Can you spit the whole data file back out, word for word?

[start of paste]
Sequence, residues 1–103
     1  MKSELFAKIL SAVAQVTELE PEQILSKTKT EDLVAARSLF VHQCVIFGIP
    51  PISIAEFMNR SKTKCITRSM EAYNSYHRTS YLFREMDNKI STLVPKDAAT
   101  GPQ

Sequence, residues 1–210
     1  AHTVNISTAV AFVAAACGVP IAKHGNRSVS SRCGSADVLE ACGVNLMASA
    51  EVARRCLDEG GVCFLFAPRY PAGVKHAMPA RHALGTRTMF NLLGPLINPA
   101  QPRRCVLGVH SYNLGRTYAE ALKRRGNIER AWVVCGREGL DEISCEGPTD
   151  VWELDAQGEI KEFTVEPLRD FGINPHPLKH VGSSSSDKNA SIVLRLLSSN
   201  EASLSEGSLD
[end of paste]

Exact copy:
Sequence, residues 1–103
     1  MKSELFAKIL SAVAQVTELE PEQILSKTKT EDLVAARSLF VHQCVIFGIP
    51  PISIAEFMNR SKTKCITRSM EAYNSYHRTS YLFREMDNKI STLVPKDAAT
   101  GPQ

Sequence, residues 1–210
     1  AHTVNISTAV AFVAAACGVP IAKHGNRSVS SRCGSADVLE ACGVNLMASA
    51  EVARRCLDEG GVCFLFAPRY PAGVKHAMPA RHALGTRTMF NLLGPLINPA
   101  QPRRCVLGVH SYNLGRTYAE ALKRRGNIER AWVVCGREGL DEISCEGPTD
   151  VWELDAQGEI KEFTVEPLRD FGINPHPLKH VGSSSSDKNA SIVLRLLSSN
   201  EASLSEGSLD